by M. Cook – BASICS Online
The Toronto Premiere of the award-winning Filipino film “Dukot” (Desaparecidos) packed the Nat Taylor Cinema at York University on the afternoon of Saturday, May 22. The film is one of the first to focus on the political killings currently taking place in the Philippines.
“[The film] is not a collection of stories from a distant past” said Bonifacio Ilagan, the screen writer. “This is what is happening in the Philippines since 2001. When outgoing president [Gloria Macapagal-Arroyo] assumed power, extra judicial killings, abductions, illegal detentions have been increasing.”
Since 2001, over 200 cases of enforced disappearances and more than 1,000 cases of extrajudicial killings have been documented by the human rights organization Karapatan. Last November 2009, the Philippines made headlines worldwide for the Ampatuan massacre, a gruesome massacre in Mindanao that killed 57 people, including 30 journalists (see BASICS Issue # 17).
The film is based on true stories and the personal experiences of those who have been abducted and tortured as well as those who have lost loved ones. Ilagan himself was abducted and tortured twice, first in 1974 and then in 1994. His sister went missing in 1977 and has not been found to date.
Melissa Roxas, a poet, writer, and human rights activists who is accompanying the Canadian tour of “Dukot” was also abducted and tortured by agents of the Philippine military.
In 2005, Roxas led a US delegation to participate in the International Solidarity Mission in the Philippines to investigate human rights violations and she “was horrified to find out about the human rights violations going on”.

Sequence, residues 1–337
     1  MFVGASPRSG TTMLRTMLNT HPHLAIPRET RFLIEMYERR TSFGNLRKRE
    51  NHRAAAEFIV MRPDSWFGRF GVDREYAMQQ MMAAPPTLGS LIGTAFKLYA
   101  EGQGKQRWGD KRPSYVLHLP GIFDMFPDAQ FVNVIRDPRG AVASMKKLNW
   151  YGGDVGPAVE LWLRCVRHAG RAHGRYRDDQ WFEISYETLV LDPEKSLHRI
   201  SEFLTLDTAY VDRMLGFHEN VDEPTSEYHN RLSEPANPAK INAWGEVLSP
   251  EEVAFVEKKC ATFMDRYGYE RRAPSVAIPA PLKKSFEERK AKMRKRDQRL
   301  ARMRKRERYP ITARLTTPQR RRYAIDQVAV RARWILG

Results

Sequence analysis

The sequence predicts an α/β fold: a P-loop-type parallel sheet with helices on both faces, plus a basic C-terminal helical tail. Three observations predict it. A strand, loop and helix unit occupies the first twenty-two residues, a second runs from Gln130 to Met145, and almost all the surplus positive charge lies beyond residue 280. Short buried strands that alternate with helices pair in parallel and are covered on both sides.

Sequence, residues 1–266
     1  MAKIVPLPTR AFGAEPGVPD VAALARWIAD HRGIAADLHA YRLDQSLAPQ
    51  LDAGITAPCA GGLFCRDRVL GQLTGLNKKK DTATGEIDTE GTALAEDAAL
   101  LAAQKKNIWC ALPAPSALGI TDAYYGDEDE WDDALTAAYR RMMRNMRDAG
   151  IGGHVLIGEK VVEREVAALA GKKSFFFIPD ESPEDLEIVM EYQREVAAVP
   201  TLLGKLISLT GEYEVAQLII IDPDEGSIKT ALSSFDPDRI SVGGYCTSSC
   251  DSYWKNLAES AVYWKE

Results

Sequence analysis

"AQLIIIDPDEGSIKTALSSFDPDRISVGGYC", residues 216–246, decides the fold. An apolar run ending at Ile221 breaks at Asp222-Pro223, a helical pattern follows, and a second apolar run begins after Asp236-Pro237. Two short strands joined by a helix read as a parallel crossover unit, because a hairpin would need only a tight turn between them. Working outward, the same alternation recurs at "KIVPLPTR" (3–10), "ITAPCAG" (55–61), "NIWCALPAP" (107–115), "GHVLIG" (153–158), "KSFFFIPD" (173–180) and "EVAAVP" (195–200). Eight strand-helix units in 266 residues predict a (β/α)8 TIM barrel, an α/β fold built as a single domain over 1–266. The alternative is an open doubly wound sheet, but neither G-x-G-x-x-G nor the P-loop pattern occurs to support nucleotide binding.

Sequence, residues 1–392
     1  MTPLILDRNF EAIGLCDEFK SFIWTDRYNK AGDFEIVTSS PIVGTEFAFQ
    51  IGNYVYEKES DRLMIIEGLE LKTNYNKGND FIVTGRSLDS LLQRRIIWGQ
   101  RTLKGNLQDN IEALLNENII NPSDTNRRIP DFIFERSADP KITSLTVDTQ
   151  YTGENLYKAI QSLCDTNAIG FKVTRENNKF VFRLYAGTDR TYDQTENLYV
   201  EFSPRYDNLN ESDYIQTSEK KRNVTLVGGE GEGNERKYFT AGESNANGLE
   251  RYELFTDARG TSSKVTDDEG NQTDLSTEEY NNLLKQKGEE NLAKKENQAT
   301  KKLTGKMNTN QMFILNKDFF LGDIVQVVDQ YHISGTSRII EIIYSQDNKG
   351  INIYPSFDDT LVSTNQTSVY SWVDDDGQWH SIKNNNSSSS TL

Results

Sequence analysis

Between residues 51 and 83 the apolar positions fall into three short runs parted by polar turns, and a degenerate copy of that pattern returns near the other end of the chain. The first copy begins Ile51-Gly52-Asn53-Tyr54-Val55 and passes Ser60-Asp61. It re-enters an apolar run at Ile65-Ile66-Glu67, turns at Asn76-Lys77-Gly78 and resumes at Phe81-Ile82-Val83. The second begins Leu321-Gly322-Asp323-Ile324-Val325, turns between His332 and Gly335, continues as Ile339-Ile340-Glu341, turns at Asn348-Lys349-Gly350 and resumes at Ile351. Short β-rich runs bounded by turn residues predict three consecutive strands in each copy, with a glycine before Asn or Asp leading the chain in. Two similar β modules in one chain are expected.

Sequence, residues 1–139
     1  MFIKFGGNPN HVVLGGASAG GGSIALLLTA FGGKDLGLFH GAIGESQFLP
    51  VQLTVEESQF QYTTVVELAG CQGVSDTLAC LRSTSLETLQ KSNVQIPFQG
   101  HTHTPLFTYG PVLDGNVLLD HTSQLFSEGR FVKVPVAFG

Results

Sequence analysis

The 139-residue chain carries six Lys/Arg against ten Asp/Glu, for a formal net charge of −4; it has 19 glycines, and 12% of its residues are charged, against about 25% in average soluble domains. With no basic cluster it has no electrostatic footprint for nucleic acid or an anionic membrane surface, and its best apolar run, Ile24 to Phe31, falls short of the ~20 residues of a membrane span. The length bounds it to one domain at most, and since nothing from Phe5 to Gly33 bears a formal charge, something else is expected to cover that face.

“These are people, these are workers protesting for higher wages, these are peasants who are advocating for land reform, these are women that simply want to feed their children three times a day…and because they advocate for a better world, they are being targeted by the military.”
After her initial trip to the Philippines, she returned in 2007 and 2009 to continue her community and human rights work.
“On May 19th 2009, along with two other companions, we were conducting health work in La Paz, Tarlac, and we were abducted by 15 armed military men, forced into a van and brought into secret detention” Roxas said. “I was held in solitary confinement. We were heavily tortured during those six days”.
As a result of the torture, Roxas suffers from Post-Traumatic Stress as well as physical injuries inflicted upon her.
Roxas credits the solidarity work of groups like BAYAN Canada and Migrante Canada for her release.
“I urge all of you to continue being advocates for human rights… I am living testimony that it does matter what every single person does…They [groups like BAYAN and Migrante] were the ones in the streets advocating for my release along with other human rights workers in the Philippines.”
“There is always hope. The reason why there are so many being targeted by the government is because there is a strong movement by people for change. So please, don’t ever think there isn’t hope. It will change, but it will take all of us for it to change.”
For more information visit http://bayan-canada-in-toronto.blogspot.com and http://migrante.ca.